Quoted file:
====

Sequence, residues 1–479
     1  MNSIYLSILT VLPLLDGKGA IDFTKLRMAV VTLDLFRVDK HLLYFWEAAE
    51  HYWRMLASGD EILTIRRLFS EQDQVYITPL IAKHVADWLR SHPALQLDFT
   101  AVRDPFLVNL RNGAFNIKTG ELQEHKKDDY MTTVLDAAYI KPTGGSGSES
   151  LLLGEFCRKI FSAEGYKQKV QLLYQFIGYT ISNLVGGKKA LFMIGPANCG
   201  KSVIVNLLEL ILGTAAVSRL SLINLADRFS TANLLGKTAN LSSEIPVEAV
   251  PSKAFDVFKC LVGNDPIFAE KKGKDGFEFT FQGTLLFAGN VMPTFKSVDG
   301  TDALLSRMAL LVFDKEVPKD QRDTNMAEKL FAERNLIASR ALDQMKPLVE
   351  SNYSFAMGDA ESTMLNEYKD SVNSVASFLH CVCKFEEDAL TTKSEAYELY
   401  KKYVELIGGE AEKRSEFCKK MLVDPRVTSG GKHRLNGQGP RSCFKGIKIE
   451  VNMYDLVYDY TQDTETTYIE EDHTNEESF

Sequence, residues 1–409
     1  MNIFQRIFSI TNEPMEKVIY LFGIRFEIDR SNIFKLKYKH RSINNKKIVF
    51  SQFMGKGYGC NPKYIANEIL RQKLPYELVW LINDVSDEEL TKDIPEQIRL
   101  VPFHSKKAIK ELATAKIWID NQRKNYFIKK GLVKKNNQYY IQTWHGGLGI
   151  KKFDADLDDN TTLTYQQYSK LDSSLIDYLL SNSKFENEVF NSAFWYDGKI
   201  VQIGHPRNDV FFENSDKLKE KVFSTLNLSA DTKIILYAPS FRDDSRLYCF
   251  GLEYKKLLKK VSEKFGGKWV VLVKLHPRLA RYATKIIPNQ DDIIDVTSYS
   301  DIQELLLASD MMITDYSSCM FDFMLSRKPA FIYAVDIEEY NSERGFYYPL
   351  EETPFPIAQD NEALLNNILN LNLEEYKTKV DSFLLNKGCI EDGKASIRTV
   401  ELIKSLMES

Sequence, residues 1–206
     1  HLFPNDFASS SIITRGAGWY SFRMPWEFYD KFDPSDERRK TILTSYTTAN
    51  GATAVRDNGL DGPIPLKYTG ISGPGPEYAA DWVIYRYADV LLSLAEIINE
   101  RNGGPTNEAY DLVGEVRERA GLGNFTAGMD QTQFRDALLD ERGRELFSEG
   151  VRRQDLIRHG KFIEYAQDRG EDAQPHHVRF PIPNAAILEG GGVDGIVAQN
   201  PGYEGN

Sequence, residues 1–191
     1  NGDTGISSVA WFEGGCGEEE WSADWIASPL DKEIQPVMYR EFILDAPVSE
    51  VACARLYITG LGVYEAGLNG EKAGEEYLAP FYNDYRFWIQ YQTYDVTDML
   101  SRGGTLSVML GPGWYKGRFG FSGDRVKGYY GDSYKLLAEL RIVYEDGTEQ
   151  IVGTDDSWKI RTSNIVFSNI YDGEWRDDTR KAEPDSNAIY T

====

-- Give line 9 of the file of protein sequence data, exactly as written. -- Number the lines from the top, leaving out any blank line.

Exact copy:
   351  SNYSFAMGDA ESTMLNEYKD SVNSVASFLH CVCKFEEDAL TTKSEAYELY